Day-Lewis, left, and Spielberg in early November (Photo: REUTERS/Mario Anzuoni)It's now pretty well known that Daniel Day-Lewis didn't want to play the part of U.S. President Abraham Lincoln -- at first. It took several years, Liam Neeson bowing out, and a new script before Day-Lewis would even reconsider.
On Monday night, as Steven Spielberg presented Day-Lewis with an award for Best Actor at an annual New York Film Critics Circle dinner, the "Lincoln" director recited a letter the actor had written him, initially turning him down for the role. Reminiscent of a breakup letter Lincoln himself actually wrote, Day-Lewis set out to let Spielberg down gently, ending his note with "I send both my very best wishes and my sincere gratitude to you for having considered me."
Spielberg said he received the following letter from Day-Lewis during an early period of the project when the script, according to him, more resembled is WWII film "Saving Private Ryan" -- but set during the Civil War era:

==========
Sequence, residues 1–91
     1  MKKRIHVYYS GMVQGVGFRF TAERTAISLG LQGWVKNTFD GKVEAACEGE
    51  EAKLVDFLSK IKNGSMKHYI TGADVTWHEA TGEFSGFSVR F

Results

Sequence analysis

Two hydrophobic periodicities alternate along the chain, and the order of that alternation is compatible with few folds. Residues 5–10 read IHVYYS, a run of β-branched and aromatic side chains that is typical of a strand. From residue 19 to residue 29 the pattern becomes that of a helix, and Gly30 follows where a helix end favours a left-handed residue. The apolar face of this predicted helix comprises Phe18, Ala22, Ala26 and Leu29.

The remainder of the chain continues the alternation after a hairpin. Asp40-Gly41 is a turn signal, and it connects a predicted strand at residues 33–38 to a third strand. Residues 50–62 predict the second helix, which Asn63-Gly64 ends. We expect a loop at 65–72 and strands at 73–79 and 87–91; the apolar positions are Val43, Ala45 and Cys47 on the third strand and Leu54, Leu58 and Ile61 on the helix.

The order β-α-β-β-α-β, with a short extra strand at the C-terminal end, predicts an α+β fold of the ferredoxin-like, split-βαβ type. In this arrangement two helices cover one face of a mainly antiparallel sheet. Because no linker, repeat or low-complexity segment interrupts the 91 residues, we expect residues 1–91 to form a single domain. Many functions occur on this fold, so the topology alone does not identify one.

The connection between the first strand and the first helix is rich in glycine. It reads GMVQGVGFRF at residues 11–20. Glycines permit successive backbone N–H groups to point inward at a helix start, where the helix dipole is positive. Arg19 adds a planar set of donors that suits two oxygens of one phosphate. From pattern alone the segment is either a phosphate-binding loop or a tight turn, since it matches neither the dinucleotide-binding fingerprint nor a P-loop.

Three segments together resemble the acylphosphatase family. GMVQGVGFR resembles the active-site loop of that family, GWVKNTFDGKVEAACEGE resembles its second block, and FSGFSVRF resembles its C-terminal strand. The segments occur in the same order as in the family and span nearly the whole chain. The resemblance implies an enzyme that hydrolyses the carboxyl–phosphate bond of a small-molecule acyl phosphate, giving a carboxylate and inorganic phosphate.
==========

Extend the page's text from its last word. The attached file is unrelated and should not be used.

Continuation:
It was a real pleasure just to sit and talk with you. I listened very carefully to what you had to say about this compelling history, and I've since read the script and found it -- in all the detail of which it descries these monumental events and in the compassionate portraits of all the principle characters -- both powerful and moving. I can't account for how at any given moment I feel the need to explore one life as opposed to another. But I do know that I can only do this work if I feel almost as if there's no choice. That a subject coincides inexplicably with a very personal need and a very specific moment in time. In this case, as fascinated as I was by "Abe," it was the fascination of a grateful spectator who longed to see a story told rather than that of a participant. That's how I feel now in spite of myself, and though I can't be sure this won't change, I couldn't dream of encouraging you to keep it open on a mere possibility. I do hope this makes sense Steven. I'm glad you're making the film. I wish you the strength for it and I send both my very best wishes and my sincere gratitude to you for having considered me."
With also a Golden Globes nomination for Best Actor to his name (and being in that awards show's most-nominated film), not to mention his seeming lock on an Oscar nod and even a win, it's a good thing Day-Lewis finally came around.
Watch Daniel Day-Lewis and Steven Spielberg discuss 'Lincoln':